leavening2_0When I asked my Zen teacher, Shunryu Suzuki Roshi, if he had any advice for working in the kitchen, he said, “When you wash the rice, wash the rice. When you cut the carrots, cut the carrots. When you stir the soup, stir the soup.” Taking his words to heart, I found that they had the power to evoke what lies hidden in the depths of being. Something awakens. It is not self, not other, not me, not the world. To “be mindful while you work” carries a certain dryness, not to mention distraction: doing something—practicing mindfulness besides what you are doing. What Suzuki Roshi meant was more like “throw yourself into it” or “immerse yourself in what you are doing.”

Making and baking bread was an especially good place for me to actualize the teaching. Standing, stirring in yeast, mixing in flour, kneading dough, a body gives life to life: “ingredients” become “bread.” And bringing those ingredients together gives life to arms and hands, to legs and feet. Immersed in the activity, the doing does you. And a body rejoices, feels vibrant, gets “spent.” What a blessing.

Start with an empty bowl. Ceramic embodies a certain romance: the support of earth, the upholding of stone, and once warmed, the conveyance of heat, the “womb” of life in which the dough will swell. In the absence of a ceramic bowl, stainless steel can hold and contain. Before adding the warm water, check the temperature: tepid on the hands, which are accustomed to feeling heat and cold, just warm on the inner wrist. And in goes yeast, sweetener, sometimes powdered milk, and enough flour to form a thick batter. Thumb and fingers firmly gripping the spoon, vigorous motion of the arm as the spoon dips in and out of the batter, which becomes more elastic. A rising.

And it’s time for oil, salt, and folding in flour. Time for kneading. Rocking forward, rocking back, it is oceanic, harmonic, flowing. Touching and being touched. The dough is warm, soft, yielding yet firm. Push and it pushes back. You study how to move with the dough, turn, fold, push, how to flow, how to move at the pace at which the dough most delightfully moves. How it yields and stretches, how it expands. Push too vigorously, and the dough tears. It is not happy. Push too softly, and the dough is unresponsive. To bring the dough to fulfillment, you feel, respond. Hands come alive as they notice warmth, pulsation, softness, fluidity, as they notice life. The rocking of the hips is a hum, a chant, a drone, a prayer.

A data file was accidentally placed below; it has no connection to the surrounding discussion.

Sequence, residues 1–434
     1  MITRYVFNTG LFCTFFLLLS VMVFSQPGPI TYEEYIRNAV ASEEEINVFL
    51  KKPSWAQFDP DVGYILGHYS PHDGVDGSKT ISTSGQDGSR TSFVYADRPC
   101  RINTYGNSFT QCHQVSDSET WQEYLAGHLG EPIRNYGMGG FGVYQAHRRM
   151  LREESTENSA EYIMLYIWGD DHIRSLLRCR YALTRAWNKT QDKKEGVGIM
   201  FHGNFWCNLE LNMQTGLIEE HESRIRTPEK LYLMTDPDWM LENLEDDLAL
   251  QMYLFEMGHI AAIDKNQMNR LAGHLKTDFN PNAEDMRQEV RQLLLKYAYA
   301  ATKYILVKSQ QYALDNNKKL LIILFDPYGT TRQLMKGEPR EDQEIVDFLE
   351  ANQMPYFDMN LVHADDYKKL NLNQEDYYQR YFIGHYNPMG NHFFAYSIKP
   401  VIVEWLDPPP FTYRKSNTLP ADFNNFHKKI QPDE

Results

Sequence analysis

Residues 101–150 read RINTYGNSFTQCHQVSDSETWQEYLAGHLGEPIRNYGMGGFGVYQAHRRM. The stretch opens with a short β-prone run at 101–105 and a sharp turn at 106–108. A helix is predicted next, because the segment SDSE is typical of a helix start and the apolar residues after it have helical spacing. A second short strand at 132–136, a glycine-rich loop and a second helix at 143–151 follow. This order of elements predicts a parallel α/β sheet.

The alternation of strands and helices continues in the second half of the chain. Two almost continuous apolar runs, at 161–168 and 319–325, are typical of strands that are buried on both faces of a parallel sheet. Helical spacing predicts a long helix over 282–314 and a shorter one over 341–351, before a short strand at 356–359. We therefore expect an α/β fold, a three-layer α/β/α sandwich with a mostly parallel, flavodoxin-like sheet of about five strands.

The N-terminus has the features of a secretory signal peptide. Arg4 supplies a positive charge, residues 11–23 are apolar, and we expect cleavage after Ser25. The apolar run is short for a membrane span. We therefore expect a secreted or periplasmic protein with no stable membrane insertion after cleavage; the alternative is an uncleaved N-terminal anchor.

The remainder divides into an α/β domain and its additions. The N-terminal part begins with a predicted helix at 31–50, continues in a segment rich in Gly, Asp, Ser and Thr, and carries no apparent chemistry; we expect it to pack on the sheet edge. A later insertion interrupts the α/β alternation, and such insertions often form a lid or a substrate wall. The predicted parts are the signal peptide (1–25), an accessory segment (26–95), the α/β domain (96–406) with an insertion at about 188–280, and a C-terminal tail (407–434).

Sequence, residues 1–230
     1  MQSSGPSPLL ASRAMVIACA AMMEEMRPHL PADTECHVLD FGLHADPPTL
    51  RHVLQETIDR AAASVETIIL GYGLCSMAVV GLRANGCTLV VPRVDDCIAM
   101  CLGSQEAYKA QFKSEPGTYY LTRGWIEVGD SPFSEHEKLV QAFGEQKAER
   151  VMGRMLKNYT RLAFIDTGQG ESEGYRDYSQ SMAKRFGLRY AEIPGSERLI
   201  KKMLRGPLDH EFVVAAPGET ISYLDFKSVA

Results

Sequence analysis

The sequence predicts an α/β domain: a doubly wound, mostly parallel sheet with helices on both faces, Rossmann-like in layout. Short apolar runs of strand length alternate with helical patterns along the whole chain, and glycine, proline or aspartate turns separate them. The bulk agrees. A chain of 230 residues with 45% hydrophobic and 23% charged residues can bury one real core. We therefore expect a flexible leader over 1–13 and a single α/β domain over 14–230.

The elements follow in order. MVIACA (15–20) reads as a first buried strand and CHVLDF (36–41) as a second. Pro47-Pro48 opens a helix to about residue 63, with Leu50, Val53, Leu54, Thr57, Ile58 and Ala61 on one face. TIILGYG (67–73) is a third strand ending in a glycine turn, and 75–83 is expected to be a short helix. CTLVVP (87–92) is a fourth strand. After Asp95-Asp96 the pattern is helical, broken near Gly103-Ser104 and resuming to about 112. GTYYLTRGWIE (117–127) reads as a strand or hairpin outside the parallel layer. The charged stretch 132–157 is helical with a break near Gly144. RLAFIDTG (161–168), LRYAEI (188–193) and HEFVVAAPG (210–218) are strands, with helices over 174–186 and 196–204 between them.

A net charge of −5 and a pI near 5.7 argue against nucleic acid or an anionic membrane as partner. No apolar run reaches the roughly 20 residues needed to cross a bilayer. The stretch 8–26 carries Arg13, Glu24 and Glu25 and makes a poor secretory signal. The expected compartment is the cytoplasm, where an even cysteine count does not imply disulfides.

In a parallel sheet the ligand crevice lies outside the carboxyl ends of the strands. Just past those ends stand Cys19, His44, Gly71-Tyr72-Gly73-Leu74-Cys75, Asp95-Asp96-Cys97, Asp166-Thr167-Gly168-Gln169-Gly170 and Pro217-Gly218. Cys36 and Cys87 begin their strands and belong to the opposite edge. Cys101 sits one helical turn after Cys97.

All that was stuck, fixated, frozen in place, now moves, and in moving, delights. It is Zen Master Dogen’s “dharma gate of enjoyment.” The body is no longer structured from memory, from unconscious rules of behavior, but resonates with song, the song of bread-making-itself.

Elbows flex and straighten, a breeze in the summer air; shoulders awaken, water flowing over the rocks, and the chest expands, releases, leaps. Wings spread. Have you attained something, or have you let go the idea there is anything to be attained? Have you gotten somewhere, or resumed your original nature, boundless and immeasurable?

Time stops, time swings, without separation from object, without separation from experience. The body is completely willing. The body does not begrudge the time it takes, does not aim for the future, is not enmeshed in the past. That’s what the mind does. The too-solid flesh melts, responding to the dough, engaging the hands in absorption. Wrists, forearm, elbows, a body standing. Somewhere a floor. Kneading the bread covers all space; there is nothing outside this vastness, and time is simply swallowed up.

Feeling what your hands are feeling, standing where your feet are standing, breathing the air your lungs are breathing. Shaping a ball, scoring it in half with a knife, and the dough spreads apart, lively, yielding, again delighting. Inside, the body springs.

A machine will not give your hands the massage the bread dough gives you, nor the messages. The body we believe is structured, but in the reality of bread-making-itself, a body is not to be found. No fingertips; but warmth, vibrancy. No palms; but softness, pliancy. Or is it that the bread becomes body? The palms of dough pressed to the palms of hands. It is the eye in the hand of Avalokiteshvara that sees: “This is holy. This is precious.” Body meeting body, body disappears, bread is realized.

And the fragrance from the oven conveys the sustenance of the ages . . . or is it the nourishment of the ageless? Smell that smell! We are blessed with these fruits of the earth. We are heartened by the matter we call work, as well as by the spirit we call bread. ▼

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